The agreement, a global reform of customs procedures, aimed to improve efficiency of trades across borders that were agreed at the WTO's 9th ministerial conference in Bali, Indonesia in December last year, was unable to get into the organisation's rule book by the deadline of Thursday midnight.
India's objection and its unyielding stance on supporting farm protections was said to have got the talks collapsed.
Roberto Azevedo, WTO's director-general, said in a statement that "despite intensive consultations, we have not been able to find a solution that would allow us to bridge the gap on the adoption of the protocol on the trade facilitation agreement."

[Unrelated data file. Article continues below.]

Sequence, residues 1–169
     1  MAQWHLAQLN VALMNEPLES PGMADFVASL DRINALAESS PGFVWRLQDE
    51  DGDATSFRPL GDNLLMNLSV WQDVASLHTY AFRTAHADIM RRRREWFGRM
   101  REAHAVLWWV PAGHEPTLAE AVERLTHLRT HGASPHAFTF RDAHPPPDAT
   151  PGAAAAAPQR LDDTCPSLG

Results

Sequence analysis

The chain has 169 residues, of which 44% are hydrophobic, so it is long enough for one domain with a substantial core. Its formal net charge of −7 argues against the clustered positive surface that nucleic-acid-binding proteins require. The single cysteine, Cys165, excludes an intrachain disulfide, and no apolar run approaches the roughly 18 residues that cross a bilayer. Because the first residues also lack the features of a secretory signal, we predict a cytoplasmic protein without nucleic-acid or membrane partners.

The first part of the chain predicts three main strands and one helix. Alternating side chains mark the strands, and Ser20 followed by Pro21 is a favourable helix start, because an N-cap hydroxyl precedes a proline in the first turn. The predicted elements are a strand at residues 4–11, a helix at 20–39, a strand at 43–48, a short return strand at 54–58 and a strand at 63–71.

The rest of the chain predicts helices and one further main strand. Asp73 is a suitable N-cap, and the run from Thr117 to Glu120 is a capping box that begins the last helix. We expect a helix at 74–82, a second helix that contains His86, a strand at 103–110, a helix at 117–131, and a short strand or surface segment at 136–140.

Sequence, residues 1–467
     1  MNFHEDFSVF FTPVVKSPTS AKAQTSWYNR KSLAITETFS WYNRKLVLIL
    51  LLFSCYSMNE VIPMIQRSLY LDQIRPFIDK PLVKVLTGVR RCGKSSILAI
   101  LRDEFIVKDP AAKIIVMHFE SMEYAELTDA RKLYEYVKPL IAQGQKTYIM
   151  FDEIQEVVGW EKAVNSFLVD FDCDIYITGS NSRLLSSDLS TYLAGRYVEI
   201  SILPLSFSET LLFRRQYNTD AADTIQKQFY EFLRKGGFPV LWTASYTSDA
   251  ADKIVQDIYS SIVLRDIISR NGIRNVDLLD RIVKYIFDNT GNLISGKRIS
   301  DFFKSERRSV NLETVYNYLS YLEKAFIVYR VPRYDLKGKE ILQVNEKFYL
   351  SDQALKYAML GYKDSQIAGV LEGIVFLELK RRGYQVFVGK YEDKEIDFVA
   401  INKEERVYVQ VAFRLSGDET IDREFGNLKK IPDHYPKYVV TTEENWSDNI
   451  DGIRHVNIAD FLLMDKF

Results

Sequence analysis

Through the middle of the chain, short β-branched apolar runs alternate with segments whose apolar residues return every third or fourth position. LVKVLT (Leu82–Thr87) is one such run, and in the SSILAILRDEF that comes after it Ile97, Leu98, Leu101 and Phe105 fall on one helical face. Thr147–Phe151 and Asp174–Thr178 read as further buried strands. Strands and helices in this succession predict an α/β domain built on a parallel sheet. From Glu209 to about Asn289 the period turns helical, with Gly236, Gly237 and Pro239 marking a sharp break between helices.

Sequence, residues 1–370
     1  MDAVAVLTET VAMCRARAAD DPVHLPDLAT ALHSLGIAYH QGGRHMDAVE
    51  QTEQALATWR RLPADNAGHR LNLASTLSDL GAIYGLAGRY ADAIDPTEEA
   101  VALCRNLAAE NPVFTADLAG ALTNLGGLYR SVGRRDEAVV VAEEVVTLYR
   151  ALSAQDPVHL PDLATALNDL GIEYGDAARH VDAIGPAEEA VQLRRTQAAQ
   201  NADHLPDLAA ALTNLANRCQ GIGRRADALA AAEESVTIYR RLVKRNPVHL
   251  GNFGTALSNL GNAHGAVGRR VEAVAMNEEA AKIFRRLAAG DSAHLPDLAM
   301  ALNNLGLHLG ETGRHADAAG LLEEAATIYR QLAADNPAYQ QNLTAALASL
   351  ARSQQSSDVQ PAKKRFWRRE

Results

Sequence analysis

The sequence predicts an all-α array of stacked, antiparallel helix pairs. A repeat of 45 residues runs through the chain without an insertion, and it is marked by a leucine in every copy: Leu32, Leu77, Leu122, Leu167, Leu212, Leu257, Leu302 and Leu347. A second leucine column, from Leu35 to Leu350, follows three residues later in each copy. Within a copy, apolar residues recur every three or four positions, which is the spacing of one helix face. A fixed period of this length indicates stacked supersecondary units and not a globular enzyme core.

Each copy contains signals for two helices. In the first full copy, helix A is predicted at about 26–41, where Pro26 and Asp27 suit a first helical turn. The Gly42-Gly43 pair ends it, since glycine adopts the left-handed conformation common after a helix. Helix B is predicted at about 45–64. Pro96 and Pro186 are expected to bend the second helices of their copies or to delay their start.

The first-ever multilateral pact sealed in late last year in WTO's nearly two-decade history was regarded as breakthrough in multilateral trade negotiations, and would is likely to boost the world economy by the equivalent of $1 trillion per year.
The failure to reach this deal was believed as a great blow to the confidence to WTO as a platform for multilateral negotiations.
"The fact we do not have a conclusion means that we are entering a new phase in our work, a phase which strikes me as being full of uncertainties," Azevedo said, adding that WTO members should reflect long and hard on the ramifications of this setback and think over how to move forward.